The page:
Total RNA was extracted from tissues and cells using the TRIzol reagent (Thermo Fisher Scientific, Shanghai, China) and was reverse-transcribed into cDNA by PrimeScript RT reagent Kit with gDNA Eraser (TaKaRa, Dalian, China). Quantitative real-time polymerase chain reaction (qPCR) analyses were conducted using CFX96 system (Bio-Rad, Hercules, CA, USA). The relative expression levels were calculated using the 2−ΔΔCt method, by normalizing to glyceraldehyde-3-phosphate dehydrogenase [18]. All primer sequences used are listed in Supplementary Table S3.

Fluorescence in situ hybridization assay

Paraffin-embedded slices of porcine ovarian tissue were sectioned at 4 μm. Fluorescence in situ hybridization (FISH) assay was performed according to the paraffin-double fluorescence probe-FISH protocol (Servicebio, Wuhan, China). Following the FISH instructions, the ovarian slices were hybridized with a CDK8 mRNA FISH probe and counterstained with 4′,6-diamidino-2-phenylin-dole. A fluorescence microscope (NIKON ECLIPSE CI, Tokyo, Japan) was used to take the photos.

DNA pull-down assay

The DNA pull-down assay was performed using the BersinBio Bes5004 DNA pull-down Kit (BersinBio, Guangzhou, China) according to manufacturer’s instructions. The biotin-labeled DNA probe was designed according to CDK8 promoter region. After washing with elution buffer, the retrieved protein was analyzed using liquid chromatography-mass spectrometry (LC/MS) on a Q Exactive Mass Spectrometer (Thermo, Shanghai, China). The mass-spectrometric data were analyzed using MaxQuant software (version [19].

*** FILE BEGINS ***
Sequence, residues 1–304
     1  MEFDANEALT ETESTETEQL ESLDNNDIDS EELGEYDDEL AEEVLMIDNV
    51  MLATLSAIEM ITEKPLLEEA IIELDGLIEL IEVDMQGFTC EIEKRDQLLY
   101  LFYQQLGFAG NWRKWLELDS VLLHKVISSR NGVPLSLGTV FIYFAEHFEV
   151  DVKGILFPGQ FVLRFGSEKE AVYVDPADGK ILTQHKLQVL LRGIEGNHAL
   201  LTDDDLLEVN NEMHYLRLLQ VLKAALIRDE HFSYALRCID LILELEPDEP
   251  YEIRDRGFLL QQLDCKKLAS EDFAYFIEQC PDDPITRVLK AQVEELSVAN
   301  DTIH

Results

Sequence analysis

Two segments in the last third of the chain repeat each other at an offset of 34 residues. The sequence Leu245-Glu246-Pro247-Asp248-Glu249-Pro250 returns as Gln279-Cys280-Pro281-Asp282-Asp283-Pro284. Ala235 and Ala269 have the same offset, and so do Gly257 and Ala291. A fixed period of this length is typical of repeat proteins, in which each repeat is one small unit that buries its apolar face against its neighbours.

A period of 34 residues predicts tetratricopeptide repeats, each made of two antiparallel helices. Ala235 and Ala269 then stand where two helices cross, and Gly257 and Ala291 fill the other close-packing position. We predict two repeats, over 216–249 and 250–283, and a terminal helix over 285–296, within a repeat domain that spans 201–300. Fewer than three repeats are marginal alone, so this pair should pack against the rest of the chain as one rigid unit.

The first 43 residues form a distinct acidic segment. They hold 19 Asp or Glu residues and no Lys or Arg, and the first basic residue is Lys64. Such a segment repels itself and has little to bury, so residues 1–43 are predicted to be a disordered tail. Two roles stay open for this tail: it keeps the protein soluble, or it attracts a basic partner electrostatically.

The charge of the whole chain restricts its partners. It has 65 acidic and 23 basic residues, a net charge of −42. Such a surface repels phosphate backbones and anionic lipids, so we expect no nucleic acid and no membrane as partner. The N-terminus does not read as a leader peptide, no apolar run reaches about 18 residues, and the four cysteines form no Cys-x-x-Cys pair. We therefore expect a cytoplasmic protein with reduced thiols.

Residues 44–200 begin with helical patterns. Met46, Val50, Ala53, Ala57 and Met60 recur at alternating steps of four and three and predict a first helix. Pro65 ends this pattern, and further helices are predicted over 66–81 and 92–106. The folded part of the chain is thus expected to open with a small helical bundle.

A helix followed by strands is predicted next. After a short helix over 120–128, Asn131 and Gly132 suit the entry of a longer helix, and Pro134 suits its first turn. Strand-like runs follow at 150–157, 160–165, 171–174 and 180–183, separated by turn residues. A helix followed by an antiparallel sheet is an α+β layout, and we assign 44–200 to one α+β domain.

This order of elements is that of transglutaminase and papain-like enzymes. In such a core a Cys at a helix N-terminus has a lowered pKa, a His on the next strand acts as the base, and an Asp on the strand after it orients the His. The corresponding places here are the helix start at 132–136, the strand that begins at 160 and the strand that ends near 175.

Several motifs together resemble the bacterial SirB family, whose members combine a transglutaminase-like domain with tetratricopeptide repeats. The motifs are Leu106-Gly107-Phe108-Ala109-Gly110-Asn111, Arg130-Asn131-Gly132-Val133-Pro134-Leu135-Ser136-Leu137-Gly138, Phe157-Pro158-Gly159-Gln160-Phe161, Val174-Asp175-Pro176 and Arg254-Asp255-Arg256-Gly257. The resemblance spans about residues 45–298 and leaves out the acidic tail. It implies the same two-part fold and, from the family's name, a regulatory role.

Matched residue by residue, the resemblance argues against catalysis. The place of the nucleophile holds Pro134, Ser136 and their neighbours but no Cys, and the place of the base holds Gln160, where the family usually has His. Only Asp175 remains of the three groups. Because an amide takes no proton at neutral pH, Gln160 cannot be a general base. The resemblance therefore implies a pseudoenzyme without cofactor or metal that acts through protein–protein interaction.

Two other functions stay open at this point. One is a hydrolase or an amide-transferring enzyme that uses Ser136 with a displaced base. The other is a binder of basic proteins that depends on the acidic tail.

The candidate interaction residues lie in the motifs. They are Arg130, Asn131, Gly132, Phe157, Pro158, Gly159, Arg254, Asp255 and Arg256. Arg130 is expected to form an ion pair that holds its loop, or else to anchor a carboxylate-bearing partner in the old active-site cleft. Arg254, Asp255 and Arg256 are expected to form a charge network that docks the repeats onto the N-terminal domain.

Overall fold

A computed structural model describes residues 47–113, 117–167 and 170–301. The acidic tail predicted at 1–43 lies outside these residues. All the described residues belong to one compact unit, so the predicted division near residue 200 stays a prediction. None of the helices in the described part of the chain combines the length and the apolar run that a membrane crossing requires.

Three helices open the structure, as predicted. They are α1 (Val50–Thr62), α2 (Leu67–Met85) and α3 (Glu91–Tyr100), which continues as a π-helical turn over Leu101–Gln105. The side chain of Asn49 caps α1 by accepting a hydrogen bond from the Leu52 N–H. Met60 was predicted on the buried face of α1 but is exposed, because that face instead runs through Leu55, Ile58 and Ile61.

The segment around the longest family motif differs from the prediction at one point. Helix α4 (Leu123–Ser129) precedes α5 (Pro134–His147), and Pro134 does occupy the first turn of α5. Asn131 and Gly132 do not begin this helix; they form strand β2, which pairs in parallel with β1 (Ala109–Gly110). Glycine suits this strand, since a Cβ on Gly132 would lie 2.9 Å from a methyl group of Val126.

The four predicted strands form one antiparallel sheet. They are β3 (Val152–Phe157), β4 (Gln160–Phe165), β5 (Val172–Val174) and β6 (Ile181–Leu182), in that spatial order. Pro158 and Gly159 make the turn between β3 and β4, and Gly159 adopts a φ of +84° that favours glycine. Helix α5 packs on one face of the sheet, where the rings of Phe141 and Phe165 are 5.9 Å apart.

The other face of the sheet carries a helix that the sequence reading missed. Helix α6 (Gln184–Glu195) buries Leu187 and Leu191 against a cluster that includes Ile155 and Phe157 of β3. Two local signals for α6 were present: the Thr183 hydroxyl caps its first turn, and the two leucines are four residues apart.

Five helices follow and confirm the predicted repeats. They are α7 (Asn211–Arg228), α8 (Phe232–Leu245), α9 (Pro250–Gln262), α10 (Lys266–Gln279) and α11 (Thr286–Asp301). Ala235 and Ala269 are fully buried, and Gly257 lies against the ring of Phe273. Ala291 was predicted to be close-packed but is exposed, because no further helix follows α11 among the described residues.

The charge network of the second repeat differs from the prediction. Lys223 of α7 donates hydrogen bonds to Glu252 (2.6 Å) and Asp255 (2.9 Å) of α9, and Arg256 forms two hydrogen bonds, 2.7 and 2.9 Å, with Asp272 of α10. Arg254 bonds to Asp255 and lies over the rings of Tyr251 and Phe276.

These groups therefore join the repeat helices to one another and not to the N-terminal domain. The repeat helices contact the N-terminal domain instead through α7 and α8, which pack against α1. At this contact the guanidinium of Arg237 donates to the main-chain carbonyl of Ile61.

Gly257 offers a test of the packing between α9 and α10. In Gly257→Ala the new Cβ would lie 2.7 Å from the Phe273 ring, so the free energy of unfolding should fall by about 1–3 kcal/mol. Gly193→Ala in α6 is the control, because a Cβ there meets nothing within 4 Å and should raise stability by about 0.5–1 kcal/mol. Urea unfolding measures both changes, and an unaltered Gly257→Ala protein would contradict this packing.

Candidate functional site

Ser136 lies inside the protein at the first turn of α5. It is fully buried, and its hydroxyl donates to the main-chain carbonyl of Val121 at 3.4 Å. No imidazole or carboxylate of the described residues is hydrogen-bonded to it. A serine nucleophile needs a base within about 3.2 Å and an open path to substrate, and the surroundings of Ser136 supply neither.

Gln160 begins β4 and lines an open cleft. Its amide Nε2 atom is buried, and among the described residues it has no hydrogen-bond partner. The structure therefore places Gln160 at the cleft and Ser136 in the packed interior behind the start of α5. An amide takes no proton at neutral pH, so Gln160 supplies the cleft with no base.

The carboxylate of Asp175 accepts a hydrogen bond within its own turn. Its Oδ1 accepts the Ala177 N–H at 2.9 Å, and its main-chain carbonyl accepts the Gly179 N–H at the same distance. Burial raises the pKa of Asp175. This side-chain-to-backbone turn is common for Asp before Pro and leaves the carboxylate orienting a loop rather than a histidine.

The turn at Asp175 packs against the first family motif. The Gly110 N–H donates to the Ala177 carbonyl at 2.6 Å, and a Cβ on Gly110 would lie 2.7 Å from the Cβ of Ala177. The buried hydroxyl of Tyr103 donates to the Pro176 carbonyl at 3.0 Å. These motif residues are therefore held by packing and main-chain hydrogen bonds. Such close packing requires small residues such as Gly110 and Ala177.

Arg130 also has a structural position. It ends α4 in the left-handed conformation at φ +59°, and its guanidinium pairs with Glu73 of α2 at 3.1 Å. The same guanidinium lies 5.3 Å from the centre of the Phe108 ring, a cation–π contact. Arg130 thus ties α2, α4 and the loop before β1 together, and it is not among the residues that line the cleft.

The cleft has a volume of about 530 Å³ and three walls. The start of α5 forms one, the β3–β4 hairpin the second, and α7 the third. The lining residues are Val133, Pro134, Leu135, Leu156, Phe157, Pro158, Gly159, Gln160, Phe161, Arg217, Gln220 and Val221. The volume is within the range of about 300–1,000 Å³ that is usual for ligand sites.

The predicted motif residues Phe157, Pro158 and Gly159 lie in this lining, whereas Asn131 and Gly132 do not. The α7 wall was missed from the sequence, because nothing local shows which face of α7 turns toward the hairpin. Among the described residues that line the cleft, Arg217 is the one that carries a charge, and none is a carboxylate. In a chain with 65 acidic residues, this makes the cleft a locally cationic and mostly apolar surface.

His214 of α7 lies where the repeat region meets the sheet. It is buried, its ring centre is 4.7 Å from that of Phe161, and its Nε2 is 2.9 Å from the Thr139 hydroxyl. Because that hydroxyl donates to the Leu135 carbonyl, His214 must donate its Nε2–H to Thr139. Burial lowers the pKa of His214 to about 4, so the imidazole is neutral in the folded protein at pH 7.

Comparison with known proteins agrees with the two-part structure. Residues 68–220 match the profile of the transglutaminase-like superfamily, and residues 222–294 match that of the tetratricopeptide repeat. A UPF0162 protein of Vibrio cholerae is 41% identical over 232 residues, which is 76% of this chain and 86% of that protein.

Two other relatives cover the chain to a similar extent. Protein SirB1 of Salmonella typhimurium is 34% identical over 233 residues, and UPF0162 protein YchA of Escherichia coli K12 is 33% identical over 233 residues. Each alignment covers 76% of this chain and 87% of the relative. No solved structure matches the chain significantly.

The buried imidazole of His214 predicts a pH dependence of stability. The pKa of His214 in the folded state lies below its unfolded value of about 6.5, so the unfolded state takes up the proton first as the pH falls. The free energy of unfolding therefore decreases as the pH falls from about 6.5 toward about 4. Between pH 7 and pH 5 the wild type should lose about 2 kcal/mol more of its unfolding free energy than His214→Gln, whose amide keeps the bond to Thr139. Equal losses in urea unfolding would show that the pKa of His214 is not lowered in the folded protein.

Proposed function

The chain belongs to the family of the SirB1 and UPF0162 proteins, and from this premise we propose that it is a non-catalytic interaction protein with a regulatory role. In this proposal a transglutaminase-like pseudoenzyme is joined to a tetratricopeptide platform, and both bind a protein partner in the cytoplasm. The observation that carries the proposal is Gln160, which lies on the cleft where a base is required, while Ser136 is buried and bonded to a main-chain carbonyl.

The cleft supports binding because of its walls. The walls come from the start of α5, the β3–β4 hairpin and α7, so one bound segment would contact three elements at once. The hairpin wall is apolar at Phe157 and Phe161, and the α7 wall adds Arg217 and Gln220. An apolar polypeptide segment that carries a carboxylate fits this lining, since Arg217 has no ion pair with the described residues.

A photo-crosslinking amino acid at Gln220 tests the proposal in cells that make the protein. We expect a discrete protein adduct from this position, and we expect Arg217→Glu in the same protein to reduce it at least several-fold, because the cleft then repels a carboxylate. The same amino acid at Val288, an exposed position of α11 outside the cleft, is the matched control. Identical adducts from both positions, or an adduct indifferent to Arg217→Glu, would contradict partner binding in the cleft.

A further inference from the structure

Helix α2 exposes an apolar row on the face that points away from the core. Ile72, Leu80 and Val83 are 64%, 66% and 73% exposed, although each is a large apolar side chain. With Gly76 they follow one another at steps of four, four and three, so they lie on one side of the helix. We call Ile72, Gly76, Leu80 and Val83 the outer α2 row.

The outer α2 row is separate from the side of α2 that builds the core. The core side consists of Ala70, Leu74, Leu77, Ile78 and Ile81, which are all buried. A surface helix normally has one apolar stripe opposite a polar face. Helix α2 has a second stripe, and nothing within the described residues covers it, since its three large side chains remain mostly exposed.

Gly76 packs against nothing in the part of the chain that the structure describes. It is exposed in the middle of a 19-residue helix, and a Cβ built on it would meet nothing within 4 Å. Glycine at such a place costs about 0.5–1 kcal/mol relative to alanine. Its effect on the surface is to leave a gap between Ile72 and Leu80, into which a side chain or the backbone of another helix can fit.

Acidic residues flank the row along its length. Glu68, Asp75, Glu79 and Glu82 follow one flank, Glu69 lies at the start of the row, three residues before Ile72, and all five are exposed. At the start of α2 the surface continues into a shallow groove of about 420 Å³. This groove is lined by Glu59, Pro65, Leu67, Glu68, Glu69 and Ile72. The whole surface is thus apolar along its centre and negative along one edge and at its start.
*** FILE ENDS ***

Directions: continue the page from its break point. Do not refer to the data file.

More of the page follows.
Culture of porcine ovarian granulosa cells and transfection

Porcine ovarian granulosa cells of mature Bama Xiang pig were purchased from iCell Bioscience Inc. (Shanghai, China). These cells were cultured in Dulbecco’s modified Eagle medium (DMEM; PriMed-iCell-02; iCell Bioscience Inc., Shanghai, China) at 37°C in an atmosphere containing 5% CO2. Constructs overexpressing YBX1 (p-YBX1) were obtained by cloning the cDNA of YBX1 into a pCDNA3.1+ plasmid. Short hairpin RNA (shRNA) molecules against YBX1 (shYBX1) along with the negative control (NC) were designed and synthesized by Shanghai GenePharma Co., Ltd. (Shanghai, China) Ovarian granulosa cells were seeded into a 6-well plate. They were then transfected with p-YBX1, shYBX1, and shNC using TransEasy (FOREGENE, Chengdu, China) according to the manufacturer’s instructions. The plasmid transfection efficiency was evaluated using an OlympusIX73 microscope. The primer sequences used are listed in Supplementary Table S4.

Western blotting